One specific suggestion that I use: spend time reading and analyzing the score away from the piano. This different type of activity from playing might help you learn and memorize quicker and better, than if you limit yourself to activity at the keyboard.


pianodevo
#598561 - 12/12/05 07:19 PM Re: Fastest way to memorize a piece?  
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If it's tonal music, your best bet is to know your theory, harmony, counterpoint, and analysis inside out. If not, I guess you just have to do the best you can. I'm taking Shenkerian Analysis next term to see if I can find yet another way to memorize besides tradional theoretical/analytical memory and the good ol finger memory.

#598562 - 12/12/05 08:59 PM Re: Fastest way to memorize a piece?  
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I keep sightreading through the piece over and over almost all the way through and little by little sections here and there start popping up into my memory and sooner or later I can more or less play most of it. It seems to work for me, I don't know any other methods. But that 1000 times tremolo repetition sounds horrible to me... lol


"He who turns himself into a beast, gets rid of the pain of being a man."
#598563 - 12/12/05 11:52 PM Re: Fastest way to memorize a piece?  
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It depends on if you're talking about the notes or the movements. Those are two different kinds of memorization. wink


Every day we are afforded a new chance. The problem with life is not that you run out of chances. In the end, what you run out of are days.
#598564 - 12/12/05 11:53 PM Re: Fastest way to memorize a piece?  
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Quote
Originally posted by Derulux:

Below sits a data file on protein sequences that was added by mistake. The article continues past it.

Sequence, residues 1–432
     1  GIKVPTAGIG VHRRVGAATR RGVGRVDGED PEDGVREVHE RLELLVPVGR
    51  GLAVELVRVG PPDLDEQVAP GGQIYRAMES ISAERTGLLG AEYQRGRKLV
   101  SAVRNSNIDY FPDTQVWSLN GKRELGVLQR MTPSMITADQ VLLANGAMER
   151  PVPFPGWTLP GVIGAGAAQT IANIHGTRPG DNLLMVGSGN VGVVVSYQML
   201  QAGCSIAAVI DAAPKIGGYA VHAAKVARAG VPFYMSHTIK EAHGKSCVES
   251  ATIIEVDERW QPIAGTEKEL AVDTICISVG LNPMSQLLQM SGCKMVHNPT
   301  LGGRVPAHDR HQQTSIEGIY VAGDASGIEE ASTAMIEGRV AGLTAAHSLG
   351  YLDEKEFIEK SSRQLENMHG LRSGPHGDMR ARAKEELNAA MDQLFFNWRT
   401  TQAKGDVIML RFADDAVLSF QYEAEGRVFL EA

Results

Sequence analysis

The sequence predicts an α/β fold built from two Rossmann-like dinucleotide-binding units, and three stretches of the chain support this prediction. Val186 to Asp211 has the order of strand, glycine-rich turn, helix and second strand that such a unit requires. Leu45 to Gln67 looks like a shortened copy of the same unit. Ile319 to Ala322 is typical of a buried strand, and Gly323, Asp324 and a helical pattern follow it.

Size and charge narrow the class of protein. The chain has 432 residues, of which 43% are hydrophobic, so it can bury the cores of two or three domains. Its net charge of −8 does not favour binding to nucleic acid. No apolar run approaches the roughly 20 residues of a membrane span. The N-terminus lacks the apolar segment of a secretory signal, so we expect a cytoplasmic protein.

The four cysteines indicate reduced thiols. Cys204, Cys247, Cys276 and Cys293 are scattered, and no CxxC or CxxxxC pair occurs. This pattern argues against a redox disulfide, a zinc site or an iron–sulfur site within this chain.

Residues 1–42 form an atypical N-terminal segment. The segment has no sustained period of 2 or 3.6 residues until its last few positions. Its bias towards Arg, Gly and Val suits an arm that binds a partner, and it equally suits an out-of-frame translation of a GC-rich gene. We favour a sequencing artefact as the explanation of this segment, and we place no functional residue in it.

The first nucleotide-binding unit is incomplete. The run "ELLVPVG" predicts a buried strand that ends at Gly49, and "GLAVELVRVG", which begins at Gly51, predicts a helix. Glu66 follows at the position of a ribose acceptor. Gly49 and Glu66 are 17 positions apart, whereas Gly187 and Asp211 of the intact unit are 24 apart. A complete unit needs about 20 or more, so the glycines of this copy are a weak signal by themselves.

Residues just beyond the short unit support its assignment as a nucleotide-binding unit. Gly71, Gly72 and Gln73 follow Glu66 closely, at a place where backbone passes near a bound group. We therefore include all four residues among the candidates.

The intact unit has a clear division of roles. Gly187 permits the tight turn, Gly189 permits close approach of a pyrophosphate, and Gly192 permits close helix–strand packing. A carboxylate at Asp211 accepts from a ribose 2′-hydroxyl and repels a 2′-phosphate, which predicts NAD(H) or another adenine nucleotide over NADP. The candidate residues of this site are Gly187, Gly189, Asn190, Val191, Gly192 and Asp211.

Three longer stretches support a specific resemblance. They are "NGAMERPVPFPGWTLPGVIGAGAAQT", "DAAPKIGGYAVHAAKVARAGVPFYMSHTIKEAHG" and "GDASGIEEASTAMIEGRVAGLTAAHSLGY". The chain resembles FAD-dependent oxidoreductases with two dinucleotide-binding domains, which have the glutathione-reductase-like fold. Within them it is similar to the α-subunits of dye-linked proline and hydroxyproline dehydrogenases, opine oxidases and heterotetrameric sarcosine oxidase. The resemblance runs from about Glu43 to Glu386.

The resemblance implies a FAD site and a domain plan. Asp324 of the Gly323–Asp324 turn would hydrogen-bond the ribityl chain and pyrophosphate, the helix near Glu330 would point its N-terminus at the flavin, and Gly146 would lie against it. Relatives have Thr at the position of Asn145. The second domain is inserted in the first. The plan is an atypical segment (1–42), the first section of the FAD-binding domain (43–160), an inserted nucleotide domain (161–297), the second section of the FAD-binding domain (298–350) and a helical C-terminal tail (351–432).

It depends on if you're talking about the notes or the movements (inbetween the notes). Those are two different kinds of memorization. wink
Sorry, meant to hit edit, not quote. wink


Every day we are afforded a new chance. The problem with life is not that you run out of chances. In the end, what you run out of are days.
#598565 - 12/13/05 12:56 AM Re: Fastest way to memorize a piece?  
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sorry deru no idea what you just said, please explain lol


"He who turns himself into a beast, gets rid of the pain of being a man."
#598566 - 12/13/05 09:20 AM Re: Fastest way to memorize a piece?  
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Memory is helped a lot by the understanding of what is to be memorized. If you try to memorize a text it is almost impossible if you don't get the meaning of what your are trying to memorize. For Romantic music is not that difficult while for Baroque is a bit more complex. But phrase by phrase we should strive to find such a meaning or to "invent" it for the purpose. Once that's done extracting from memory a chunk or a phrase is not that complex and, then, applying the tricks for remembering the melodic line, the voices, or the harmony is easy. What it doesn't work at all (at least for me) is to memorize note by note; too exhausting and memory of notes slips away in a matter of days.